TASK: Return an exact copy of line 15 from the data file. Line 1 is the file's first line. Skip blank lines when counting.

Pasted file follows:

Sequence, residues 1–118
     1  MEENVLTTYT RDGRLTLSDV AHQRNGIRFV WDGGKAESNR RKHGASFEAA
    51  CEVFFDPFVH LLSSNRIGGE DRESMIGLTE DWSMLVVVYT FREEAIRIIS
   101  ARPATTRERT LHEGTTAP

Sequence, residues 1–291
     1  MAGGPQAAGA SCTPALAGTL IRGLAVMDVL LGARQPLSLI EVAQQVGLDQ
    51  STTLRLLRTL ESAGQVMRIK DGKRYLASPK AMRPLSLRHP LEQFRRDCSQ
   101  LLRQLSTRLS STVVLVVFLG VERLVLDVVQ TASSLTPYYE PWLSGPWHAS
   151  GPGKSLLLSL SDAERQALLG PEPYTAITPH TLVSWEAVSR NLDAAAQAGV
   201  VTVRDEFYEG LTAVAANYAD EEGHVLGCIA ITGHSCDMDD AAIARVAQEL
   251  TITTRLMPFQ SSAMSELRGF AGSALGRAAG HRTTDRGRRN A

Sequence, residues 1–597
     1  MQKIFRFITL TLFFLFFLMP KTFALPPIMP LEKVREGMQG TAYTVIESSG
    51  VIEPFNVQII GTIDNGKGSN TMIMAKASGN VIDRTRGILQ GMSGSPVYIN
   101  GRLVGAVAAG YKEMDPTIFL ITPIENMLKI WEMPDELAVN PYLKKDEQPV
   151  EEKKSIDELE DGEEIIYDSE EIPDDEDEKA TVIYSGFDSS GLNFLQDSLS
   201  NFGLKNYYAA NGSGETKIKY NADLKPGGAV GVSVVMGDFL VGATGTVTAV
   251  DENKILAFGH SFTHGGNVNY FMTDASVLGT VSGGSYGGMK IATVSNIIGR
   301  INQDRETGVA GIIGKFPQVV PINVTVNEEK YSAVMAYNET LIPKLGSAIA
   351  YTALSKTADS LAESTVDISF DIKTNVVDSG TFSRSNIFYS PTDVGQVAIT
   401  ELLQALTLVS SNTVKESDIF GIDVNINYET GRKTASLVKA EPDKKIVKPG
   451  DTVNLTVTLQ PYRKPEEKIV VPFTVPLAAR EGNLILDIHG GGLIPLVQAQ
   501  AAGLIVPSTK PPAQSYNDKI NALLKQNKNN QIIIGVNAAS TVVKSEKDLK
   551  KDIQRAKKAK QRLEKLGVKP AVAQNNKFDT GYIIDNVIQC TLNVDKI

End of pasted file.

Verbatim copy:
   101  GRLVGAVAAG YKEMDPTIFL ITPIENMLKI WEMPDELAVN PYLKKDEQPV